Biogas Debate Subject of Council Meeting


Most of Tuesday night’s meeting of the Glendale City Council was dedicated to a long, detailed and thorough discussion of plans to utilize gas produced by the Scholl Canyon landfill to produce electricity for the city. The council heard extensive comments from approximately 44 callers and, after midnight, voted narrowly (3-2) to approve plans to build a $58 million biogas plant expected to generate nearly 12 megawatts of “renewable” energy annually.

Councilmembers Ardy Kassakhian and Dan Brotman voted against the project.

“As in the ‘Princess Bride,’” Kassakhian explained, “you keep using ‘that word.’ I do not think it means what you think it means. It isn’t a fossil fuel, [and] it is far from renewable.”

In October, the city’s Planning Commission voted to deny the necessary conditional use permit (CPU). The city’s sustainability commission voted against it as well and the Glendale Water & Power (GWP) board voted in favor.

City Manager Roubik Golanian told the council that city staff believes “the project aligns with goals set by the council as we could generate electricity locally without the need for additional transmission and that it would help the city meet its renewable energy goals.”

Senior city planner Dennis Joe detailed plans for the plant, which sits on 535 acres. Emphasis was given on a 2.2-acre area, which is less than 1% of the total landfill, he emphasized. Plans call for two modular buildings, a 60,000-gallon water tank and 10,000-gallon water storage tank, four-engine generator enclosures, 40-foot flare stacks, a 384-square-foot power distribution center and retaining walls up to 23 feet.

Landfill gas (LFG) is required to be captured and processed, even after the landfill’s capacity is reached. The timeline for the proposed plant anticipates at least 20 years of methane gas, capable of generating 6 MW of electricity per year in 2044, Year 20.

GWP’s Mark Young emphasized this would be 12 MWs of local renewable energy from the LFG that is currently being flared (burned off), consistent with the Glendale Greener Plan, and compliant with evolving state regulations requiring the city to utilize 60% renewable energy by 2030.

“Unlike solar and wind, this would be 24/7/365 continuous energy production. Glendale is transmission-constrained and this 12 MW of renewable energy plays a critical role in GWP’s ability to meet future load needs,” Young told the council.

He noted that the Glenoaks neighborhood would be assured power in the event of a catastrophe or emergency.

Glendale Fire Dept. Chief Silvio Lanzas affirmed that the plans proposed, including additional safety measures contemplated, reduce the threat of wildfires. He also noted that flaring is more dangerous.

Jackie Gish presented the detailed findings of the Glenoaks Homeowners’ Association.

“It’s called ‘renewable,’ but I don’t think it is – we don’t believe it’s compatible with the city’s general plan, nor that it’s clean or safe or that it will produce 12 MWs,” she said. She said her group favors Alternative 1, continued flaring of the methane gas, as having “the least environmental risks.”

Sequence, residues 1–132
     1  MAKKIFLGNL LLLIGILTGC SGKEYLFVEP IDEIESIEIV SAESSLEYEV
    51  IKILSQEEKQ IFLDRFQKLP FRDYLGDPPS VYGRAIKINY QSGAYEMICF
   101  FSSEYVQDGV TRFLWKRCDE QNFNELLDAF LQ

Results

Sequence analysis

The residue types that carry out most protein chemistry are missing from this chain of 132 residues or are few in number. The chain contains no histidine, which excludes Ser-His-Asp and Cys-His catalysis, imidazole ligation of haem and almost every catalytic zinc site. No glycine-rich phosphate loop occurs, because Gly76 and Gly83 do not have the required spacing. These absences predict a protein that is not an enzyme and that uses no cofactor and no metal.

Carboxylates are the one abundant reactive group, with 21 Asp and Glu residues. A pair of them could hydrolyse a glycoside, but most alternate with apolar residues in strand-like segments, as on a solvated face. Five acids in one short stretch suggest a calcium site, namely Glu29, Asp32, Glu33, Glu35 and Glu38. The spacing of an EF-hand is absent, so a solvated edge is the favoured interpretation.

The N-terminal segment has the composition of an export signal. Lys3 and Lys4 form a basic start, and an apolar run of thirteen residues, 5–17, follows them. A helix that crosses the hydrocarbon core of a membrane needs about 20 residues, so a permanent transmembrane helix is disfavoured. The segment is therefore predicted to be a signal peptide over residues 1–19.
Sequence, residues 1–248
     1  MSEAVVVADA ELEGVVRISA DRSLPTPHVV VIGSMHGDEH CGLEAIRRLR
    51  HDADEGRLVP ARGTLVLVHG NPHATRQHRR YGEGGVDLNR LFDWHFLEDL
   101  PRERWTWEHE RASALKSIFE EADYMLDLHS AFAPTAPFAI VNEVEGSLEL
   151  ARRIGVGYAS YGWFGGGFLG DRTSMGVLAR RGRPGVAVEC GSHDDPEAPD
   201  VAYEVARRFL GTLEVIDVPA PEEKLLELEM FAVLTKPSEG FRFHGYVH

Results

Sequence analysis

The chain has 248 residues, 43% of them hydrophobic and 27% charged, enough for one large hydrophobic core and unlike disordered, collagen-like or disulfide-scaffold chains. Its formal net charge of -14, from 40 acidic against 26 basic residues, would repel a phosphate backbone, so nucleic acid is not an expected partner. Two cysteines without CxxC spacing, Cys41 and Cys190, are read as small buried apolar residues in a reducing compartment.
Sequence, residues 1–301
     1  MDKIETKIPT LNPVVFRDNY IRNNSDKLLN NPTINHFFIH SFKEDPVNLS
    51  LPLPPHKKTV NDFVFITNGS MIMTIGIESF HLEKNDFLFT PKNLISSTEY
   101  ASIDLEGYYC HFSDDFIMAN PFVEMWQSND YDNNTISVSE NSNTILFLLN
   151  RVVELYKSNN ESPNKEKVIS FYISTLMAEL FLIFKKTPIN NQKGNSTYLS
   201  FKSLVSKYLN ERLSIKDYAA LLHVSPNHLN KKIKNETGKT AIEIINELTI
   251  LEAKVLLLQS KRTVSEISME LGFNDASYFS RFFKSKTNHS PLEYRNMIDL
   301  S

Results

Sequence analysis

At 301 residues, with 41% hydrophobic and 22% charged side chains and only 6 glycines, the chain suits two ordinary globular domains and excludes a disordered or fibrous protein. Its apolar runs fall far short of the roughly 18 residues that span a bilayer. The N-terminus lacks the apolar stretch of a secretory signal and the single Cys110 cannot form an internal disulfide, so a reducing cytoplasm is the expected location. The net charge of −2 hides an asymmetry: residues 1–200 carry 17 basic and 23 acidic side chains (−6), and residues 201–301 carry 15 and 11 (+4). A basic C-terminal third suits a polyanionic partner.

A representative of Los Angeles City Council member Kevin DeLeon called in to oppose the project and urged the council to consider the impacts of climate change on East LA; he advocated Alternative 2.

A 25-year Glendale resident spoke succinctly in support.

“I want reliable and environmentally friendly and safe power and, since we already burn the biogas from the Scholl Canyon landfill, let’s make electricity from it,” the resident said.

Young responded to some of the callers.

“Since 2020, 64% of our energy is clean, 39% of it renewable,” said Young. “Our neighbors can’t touch those numbers. So we are being progressive and trying to find a way to meet our energy needs in the most environmentally conscious way.”

When the final draft environmental review draft was released in July 2020, then newly-elected councilmember Brotman said, “From an environmental point of view, flaring is the worst way to deal with methane gas. Flaring causes pollution and releases emissions that contribute to global warming. Flaring is also wasteful because it literally burns up landfill gas that could be used to generate energy.” 

Councilmember Ara Najarian explained his considerations.

“There’s still going to be methane gas for years, for decades. This is available 24/7 and solves the problem of methane capture,” said Najarian. “The alternatives are more expensive, and we don’t have 535 acres for a solar energy plant.”

“I thank our colleagues on the Los Angeles City Council for chiming in on this,” Najarian added sarcastically, “but if you gave us a little more transmission, we’d be in great shape. This is what we’ve got to do to generate energy locally.”

Councilmember Brotman expressed his concerns about the future of the landfill and urged the council to specify its plans beyond the next few years until the landfill is full.

“The sanitation district is waiting on us and we have an obligation to develop a plan for closure and post-closure,” he said.

Councilmember Vrej Agajanian noted, “Without generation, methane is flared, producing the same pollution without any benefit. Since March 2018, we’ve been just flaring the gas. Biogas is a defined renewable source.”

Mayor Paula Devine cast the deciding vote.

“Our residents never cease to amaze me. This is controversial and we need to look at it holistically, for the benefit of the entire city, and not let the perfect be the enemy of the good. This is the definition of sustainability, to use this resource, and I will fight for a recreational facility once the landfill is closed.”

“We need this kind of reliability,” she added, “for when the wind doesn’t blow and the sun doesn’t shine, we’re going to have power. The core value of our utility is resiliency. People depend on power. It can be a meter of life and death.”